Episode 29: Otherworlds, Inner Worlds, and Utopias
Plato’s Republic is the world’s first utopia. But what is a utopia, exactly, and how does it differ from the other invisible worlds we encounter in western esoteric traditions, the otherworlds and inner worlds? We survey types of esoteric space.
Members only: Further Travels in Atlantis with Christopher Gill
In this extended interview, Professor Gill takes us further into the imagined territory of Plato's Atlantis, noting possible historical influences and discussing attempts down the ages to interpret the strange story.
Episode 28: Christopher Gill on Plato’s Atlantis
Christopher Gill, Emeritus Professor of Ancient Thought at the University of Exeter, takes us deep into the territory of Atlantis, one of Plato’s most puzzling creations.
Episode 27: Plato’s Timæus
In this episode we introduce Plato’s Timæus, the father of western esotericism’s single most influential dialogue. With this work Plato set the scene for pretty much all subsequent esoteric thought. Dig infinity!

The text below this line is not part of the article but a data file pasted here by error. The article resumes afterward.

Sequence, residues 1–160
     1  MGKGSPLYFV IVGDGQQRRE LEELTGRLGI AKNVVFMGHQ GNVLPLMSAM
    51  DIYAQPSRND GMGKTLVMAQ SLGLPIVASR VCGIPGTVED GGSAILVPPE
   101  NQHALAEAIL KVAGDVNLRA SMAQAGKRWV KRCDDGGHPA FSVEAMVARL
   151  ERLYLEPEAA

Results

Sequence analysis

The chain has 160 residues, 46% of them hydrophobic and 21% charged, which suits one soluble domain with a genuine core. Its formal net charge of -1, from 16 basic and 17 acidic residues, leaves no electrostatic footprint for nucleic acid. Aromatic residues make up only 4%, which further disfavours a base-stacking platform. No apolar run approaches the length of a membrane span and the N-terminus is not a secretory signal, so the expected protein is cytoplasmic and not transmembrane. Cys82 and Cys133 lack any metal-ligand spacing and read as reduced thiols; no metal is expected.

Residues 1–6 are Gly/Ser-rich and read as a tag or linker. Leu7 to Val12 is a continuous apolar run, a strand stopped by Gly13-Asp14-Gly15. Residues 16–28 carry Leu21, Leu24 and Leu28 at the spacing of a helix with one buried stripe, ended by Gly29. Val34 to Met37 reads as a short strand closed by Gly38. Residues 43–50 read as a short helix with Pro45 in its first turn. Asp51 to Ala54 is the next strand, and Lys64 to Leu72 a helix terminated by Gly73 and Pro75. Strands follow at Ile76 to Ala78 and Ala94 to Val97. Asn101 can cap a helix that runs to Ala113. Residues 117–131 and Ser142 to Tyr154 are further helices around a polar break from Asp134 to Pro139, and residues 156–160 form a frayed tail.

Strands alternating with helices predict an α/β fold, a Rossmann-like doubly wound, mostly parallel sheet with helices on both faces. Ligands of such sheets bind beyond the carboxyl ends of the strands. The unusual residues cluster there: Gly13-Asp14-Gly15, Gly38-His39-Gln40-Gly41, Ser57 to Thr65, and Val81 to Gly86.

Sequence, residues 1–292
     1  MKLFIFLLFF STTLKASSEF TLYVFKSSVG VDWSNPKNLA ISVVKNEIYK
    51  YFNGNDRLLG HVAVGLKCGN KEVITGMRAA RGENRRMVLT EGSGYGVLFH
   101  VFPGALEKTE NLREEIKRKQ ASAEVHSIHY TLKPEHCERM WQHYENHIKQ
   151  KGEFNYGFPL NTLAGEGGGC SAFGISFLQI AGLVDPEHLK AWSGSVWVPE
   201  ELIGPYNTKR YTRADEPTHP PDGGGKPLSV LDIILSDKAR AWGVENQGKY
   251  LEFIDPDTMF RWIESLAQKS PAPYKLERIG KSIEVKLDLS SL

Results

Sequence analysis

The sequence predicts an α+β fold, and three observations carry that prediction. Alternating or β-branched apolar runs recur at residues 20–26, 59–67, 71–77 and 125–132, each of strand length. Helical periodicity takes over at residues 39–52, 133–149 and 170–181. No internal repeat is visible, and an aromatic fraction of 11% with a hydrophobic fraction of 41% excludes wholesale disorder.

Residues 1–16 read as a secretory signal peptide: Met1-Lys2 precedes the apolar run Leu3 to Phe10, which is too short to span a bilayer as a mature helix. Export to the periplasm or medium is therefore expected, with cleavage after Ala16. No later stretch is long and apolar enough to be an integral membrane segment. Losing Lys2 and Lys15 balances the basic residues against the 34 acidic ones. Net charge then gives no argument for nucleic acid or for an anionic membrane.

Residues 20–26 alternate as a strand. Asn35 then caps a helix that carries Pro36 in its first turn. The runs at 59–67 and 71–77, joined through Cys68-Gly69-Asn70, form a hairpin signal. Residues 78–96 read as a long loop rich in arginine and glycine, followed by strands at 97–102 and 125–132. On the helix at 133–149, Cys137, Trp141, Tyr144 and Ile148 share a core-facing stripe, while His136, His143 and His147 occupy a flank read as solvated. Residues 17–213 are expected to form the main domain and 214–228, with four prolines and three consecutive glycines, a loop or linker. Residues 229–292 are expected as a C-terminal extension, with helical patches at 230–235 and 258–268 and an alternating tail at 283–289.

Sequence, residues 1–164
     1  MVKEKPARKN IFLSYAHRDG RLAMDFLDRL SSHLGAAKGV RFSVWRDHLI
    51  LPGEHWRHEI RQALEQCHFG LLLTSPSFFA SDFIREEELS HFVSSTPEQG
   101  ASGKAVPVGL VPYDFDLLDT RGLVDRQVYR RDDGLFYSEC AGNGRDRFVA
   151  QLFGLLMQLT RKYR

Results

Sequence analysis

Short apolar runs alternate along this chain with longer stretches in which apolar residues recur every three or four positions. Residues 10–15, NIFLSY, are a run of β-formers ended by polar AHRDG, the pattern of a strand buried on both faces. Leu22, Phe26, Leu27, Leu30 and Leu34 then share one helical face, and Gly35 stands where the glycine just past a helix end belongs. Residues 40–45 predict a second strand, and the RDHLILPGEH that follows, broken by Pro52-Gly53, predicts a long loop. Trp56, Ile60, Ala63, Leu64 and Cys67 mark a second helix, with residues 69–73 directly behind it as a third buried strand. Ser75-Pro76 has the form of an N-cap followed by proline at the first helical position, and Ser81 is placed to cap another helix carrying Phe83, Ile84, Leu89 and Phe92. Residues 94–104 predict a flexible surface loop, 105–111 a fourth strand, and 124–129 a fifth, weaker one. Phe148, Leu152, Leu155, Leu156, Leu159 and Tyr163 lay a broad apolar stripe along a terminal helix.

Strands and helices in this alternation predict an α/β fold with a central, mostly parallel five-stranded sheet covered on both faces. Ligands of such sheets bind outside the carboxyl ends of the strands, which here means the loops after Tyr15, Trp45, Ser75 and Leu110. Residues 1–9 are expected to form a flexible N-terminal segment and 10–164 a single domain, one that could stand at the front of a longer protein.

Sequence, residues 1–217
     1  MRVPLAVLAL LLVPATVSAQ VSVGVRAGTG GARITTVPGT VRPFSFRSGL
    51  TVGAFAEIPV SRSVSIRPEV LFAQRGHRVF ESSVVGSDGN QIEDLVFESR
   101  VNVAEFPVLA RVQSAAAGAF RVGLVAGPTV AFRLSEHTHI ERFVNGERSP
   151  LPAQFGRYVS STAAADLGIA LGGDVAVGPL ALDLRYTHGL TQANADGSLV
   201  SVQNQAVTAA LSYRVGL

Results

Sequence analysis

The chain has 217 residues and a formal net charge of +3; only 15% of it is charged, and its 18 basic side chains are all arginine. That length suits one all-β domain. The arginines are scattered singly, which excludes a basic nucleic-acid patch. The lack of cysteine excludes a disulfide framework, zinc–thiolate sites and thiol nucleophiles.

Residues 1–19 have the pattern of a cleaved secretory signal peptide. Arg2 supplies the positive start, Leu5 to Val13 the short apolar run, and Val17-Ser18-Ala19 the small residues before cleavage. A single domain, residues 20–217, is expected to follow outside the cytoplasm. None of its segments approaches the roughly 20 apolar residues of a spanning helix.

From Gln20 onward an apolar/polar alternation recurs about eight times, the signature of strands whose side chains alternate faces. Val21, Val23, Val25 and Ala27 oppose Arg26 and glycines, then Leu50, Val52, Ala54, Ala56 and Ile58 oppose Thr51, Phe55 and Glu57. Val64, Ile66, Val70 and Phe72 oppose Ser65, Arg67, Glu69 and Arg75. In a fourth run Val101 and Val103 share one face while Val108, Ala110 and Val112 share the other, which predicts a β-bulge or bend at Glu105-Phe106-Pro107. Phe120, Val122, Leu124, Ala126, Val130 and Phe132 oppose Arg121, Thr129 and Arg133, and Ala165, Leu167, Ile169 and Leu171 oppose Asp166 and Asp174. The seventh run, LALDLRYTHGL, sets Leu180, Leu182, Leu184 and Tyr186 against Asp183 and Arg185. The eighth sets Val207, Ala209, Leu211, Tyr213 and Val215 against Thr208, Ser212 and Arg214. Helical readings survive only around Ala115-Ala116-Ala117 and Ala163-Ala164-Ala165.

When looking for esoteric wisdom in a text, you need esoteric hermeneutics to find it. We discuss ancient techniques of esoteric reading with Professor Peter Struck, and along the way we learn some fundamental things about esoteric hermeneutics more generally.
Episode 25: The Esoteric Plato
Plato was long considered an esoteric author who hid his true doctrines within his dialogues. We look at some of the reasons for his reputation as the esoteric author par excellence, and discuss modern academic debates around the ‘esoteric question’.
The greatest philosopher of the western world was a trickster. In this episode we introduce Plato, the father of western esotericism, and discuss his importance to the esoteric traditions.
Episode 23: Miguel Herrero de Jauregui on Ancient ‘Orphism’
The elusive 'Orphics' of antiquity continue to present a puzzle to scholars after several centuries of debate and the discovery of amazing new evidence. Dr Miguel Herrero helps us to navigate the fascinating question of ancient 'Orphism'.